Hurt by Bad Policy: Why the Most Vulnerable Are Needed for Better Drug Policies

First published on the Central European University School of Public Policy website.

Farmers who make a living growing opium are not the enemy, according to panelists at the debate entitled “Drugs and Development: Punishing the Poor,” held February 20 as part of the Central European University School of Public Policy (SPP) debate series co-sponsored by the Open Society Global Drug Policy Program. These farmers are often poor and uneducated, living in isolated rural areas controlled by drug traffickers. They need to be brought into the dialogue about policy, the panel concluded.

“The cultivation of drugs is a sign of poverty rather than a sign of wealth,” said Julia Buxton, head of International Relations and Security Studies, Peace Studies, at the University of Bradford, UK. “Development policy emphasizes community participation, but we cannot engage with drug producers because they are viewed as criminals. We cannot develop inclusive strategies until they are viewed as participants rather than criminals.”

Farmers, rural governments, international organizations, law enforcement bodies, health care providers, and drug-dependent individuals must be included in the policy formation process because the issue is much more complex than the “war on drugs” would imply. Rather than a “war,” our treatment of the drug problem must be approached as a development issue, a security issue, and a health issue, the panelists said.

There has been some success in addressing the supply side of the issue, according to William Byrd, a development economist who is senior Afghanistan expert at the U.S. Institute of Peace. “In Thailand, they spent 20 to 30 years developing citizenship, and with this you can get people away from [the drug trade]. Drugs are a long-term rural development issue and must be approached comprehensively.”

That is not a global solution, however, Byrd emphasized, because production merely shifts to another country with poor governance, as it did from Thailand to Burma and to Afghanistan. The latter now produces 90 percent of the world’s non-pharmaceutical opiates. This is why the demand side must also be addressed, which was the subject of the first debate in the series in November 2012. At that event, as well as the February 20 debate, participants advocated decriminalization and a harm reduction approach to treating drug users.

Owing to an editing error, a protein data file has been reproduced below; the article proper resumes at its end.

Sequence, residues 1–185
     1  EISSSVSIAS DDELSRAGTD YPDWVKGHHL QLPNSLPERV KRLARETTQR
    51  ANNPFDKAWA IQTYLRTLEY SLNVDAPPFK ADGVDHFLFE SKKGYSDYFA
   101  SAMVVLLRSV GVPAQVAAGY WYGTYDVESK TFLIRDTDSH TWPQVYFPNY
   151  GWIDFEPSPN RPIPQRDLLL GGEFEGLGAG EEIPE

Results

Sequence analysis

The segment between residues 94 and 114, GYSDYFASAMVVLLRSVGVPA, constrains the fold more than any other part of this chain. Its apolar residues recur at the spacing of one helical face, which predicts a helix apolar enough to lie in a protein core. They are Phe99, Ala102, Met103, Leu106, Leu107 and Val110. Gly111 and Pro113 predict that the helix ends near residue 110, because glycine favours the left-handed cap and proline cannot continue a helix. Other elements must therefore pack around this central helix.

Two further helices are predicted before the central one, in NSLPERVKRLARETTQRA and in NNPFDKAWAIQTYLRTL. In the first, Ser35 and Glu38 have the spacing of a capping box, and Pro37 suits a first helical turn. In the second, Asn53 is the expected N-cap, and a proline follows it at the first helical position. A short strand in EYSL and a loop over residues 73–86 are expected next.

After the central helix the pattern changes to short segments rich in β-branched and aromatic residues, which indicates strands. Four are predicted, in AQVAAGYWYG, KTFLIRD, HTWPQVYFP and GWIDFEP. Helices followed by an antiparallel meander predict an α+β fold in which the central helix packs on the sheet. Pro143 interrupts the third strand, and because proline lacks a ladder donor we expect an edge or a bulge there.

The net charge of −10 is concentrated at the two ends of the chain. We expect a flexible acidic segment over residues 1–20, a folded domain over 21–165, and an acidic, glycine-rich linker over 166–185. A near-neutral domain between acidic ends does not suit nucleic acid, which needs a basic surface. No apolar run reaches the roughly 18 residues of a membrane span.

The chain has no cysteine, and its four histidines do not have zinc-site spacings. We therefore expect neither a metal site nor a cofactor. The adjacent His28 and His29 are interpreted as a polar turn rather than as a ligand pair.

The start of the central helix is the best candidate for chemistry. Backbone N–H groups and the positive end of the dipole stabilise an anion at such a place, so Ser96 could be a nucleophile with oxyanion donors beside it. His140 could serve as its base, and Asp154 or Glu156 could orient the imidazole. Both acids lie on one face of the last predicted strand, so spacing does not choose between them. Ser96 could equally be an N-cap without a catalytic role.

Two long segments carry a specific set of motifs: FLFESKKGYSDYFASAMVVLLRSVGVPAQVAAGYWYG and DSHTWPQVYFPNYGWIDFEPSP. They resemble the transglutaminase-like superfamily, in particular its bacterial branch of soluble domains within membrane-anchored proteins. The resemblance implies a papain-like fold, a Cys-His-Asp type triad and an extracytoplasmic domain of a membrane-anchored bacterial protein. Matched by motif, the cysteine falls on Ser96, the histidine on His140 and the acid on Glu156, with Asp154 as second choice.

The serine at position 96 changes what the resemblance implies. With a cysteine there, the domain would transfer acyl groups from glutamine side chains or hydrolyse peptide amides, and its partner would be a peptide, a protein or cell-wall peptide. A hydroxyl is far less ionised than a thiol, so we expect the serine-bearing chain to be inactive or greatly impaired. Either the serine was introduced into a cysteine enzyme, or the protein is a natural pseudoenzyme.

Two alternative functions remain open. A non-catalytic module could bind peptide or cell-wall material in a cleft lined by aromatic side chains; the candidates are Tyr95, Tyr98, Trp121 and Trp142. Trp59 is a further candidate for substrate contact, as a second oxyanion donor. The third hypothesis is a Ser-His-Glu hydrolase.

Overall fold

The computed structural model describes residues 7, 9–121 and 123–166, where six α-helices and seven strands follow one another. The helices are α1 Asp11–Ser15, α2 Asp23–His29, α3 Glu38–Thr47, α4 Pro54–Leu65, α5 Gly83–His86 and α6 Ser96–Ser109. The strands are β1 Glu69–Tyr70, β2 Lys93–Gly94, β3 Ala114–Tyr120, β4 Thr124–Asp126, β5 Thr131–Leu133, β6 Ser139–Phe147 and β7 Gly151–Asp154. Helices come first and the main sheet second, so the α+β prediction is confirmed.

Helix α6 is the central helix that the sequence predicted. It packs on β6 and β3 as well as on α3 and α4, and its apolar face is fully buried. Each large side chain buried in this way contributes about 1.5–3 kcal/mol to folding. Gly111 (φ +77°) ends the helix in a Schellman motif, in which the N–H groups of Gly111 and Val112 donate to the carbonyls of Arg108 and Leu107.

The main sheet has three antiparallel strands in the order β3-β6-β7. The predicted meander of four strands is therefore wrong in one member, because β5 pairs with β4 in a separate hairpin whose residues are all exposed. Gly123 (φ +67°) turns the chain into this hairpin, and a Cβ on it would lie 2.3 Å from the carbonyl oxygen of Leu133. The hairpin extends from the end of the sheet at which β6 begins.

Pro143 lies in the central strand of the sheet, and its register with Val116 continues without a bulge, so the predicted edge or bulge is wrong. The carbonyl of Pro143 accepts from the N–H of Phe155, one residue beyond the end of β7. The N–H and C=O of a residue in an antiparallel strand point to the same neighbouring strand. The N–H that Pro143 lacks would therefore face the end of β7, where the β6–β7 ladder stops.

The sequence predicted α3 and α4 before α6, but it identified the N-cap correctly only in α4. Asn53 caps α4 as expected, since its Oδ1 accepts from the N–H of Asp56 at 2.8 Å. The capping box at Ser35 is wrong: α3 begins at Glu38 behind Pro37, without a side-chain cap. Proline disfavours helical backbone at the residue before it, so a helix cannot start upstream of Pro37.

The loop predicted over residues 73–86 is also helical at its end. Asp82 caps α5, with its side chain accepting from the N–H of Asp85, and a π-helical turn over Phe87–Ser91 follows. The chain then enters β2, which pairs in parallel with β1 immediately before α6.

“I tend to be biased toward making a difference in the big picture,” said Byrd. “Whether I was a minister in a European or a developing country, I would try to push the international regime. At the national level, for example in Afghanistan, some ministers could interact with leaders from Latin America to come to a better understanding of the problems and potential solutions”.

In Latin America, on the demand side, some progress is being made in shifting toward harm reduction, at least in the rhetoric of several former presidents. On the supply side, the issue of inclusion of farmers is crucial, according to Javier Gonzales Skaric, technical director of the Observatory of Crops Declared Illicit.

“Whoever puts up the money for development, manages the development,” Gonzales Skaric said. “It is easy in the minds of the people designing the project—substitute coca with coffee in Bolivia. But we haven’t given the opportunity for peasants to show us what kind of development they want.”

The conference concluded with a challenging question posed by SPP Dean Wolfgang Reinicke, who asked on which policy aspects SPP students should focus, and what they might seek to achieve if they choose to tackle this complex global problem. The panelists responded by saying students could make a difference on a number of levels: local, national or international, and in the social, economic, security or political fields. SPP’s inaugural class will arrive in September 2013 to begin a two-year Master of Public Administration program.

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